Although previous research hasn't supported the link, a new study at Lucile Packard Children's Hospital at Stanford found that computerized physician order entry (CPOE) cut mortality by a whopping 20 percent, or an estimated equivalent of 36 fewer deaths over a year and a half.
"It's the lowest rate ever observed in a children's hospital," said lead author Dr. Chris Longhurst, whose findings are published in the journal Pediatrics. "It begs the question how many lives could be rescued on a national level."
Although the team attempted to control for other improvements that may have affected the results, authors noted that they couldn't say for sure that CPOE was responsible. Nonetheless, in addition to the decreased mortality, the system also helped doctors limit some unnecessary procedures such as blood transfusions, which Packard Children's Hospital had overused, according to Longhurst.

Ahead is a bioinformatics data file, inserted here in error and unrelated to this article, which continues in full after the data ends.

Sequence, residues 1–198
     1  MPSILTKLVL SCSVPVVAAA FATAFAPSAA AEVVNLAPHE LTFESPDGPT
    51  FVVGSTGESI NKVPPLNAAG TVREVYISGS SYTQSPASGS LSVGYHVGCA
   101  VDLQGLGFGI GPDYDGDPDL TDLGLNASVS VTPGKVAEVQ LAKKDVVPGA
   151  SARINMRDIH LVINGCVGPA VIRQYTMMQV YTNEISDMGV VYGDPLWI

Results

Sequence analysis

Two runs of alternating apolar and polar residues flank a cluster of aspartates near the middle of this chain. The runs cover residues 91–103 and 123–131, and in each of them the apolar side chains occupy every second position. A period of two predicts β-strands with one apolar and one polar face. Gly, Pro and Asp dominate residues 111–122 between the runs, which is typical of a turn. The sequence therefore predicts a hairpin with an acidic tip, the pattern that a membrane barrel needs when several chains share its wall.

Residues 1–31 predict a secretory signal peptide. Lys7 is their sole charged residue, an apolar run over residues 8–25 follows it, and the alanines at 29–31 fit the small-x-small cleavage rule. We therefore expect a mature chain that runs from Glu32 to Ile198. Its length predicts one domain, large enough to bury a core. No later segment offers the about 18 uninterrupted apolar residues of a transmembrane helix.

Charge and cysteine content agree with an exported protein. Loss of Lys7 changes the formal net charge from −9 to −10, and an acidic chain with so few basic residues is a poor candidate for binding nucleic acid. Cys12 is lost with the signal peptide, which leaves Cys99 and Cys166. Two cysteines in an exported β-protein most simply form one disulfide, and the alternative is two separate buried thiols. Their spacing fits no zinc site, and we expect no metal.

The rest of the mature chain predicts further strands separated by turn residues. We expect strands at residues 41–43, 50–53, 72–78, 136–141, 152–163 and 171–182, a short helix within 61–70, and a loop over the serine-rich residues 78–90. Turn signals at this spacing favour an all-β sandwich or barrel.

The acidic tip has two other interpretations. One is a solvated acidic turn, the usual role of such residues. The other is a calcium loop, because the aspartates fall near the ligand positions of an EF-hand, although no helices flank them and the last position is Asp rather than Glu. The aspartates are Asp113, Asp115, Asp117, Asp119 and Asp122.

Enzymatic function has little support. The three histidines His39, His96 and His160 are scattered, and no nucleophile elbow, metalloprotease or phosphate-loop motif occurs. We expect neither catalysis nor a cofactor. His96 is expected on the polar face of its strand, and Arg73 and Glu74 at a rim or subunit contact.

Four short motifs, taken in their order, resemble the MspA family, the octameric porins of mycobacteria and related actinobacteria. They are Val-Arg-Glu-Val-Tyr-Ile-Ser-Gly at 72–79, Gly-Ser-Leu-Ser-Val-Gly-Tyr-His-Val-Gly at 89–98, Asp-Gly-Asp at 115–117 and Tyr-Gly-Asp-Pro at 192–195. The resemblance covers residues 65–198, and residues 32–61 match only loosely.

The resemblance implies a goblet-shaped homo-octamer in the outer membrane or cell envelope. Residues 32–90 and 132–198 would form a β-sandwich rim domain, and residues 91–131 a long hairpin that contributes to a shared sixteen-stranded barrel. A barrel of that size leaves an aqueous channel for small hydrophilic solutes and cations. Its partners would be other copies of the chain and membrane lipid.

According to Longhurst, what set his study apart from previous research finding different--even opposite--results was its well-planned implementation of CPOE, which cost $50 million of the hospital's $600 million to $700 million budget. His message to the Obama Administration calling for rapid rollout of the technology was that it should be rolled out by experienced experts. "And there are only so many experts in this country," he wrote.
To learn more:
- read this Wall Street Journal Health Blog post
- check out this iHealthBeat piece
- read this Reuters article, via the Washington Post
- read this PhysOrg.com article
- read this Medscape piece (reg. req.)